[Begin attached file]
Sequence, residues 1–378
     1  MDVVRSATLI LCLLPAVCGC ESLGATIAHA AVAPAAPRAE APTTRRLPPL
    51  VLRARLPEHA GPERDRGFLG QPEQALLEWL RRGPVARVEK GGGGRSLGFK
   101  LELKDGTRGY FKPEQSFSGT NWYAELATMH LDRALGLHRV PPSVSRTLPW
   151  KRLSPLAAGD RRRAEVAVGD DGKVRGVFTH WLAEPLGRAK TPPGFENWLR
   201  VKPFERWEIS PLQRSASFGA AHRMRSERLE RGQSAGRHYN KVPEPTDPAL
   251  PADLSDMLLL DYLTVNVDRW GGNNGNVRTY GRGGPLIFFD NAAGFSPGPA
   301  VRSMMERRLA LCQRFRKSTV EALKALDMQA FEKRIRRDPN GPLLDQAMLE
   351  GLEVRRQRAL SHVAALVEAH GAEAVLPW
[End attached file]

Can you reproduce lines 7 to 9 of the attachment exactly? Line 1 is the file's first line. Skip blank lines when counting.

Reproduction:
   251  PADLSDMLLL DYLTVNVDRW GGNNGNVRTY GRGGPLIFFD NAAGFSPGPA
   301  VRSMMERRLA LCQRFRKSTV EALKALDMQA FEKRIRRDPN GPLLDQAMLE
   351  GLEVRRQRAL SHVAALVEAH GAEAVLPW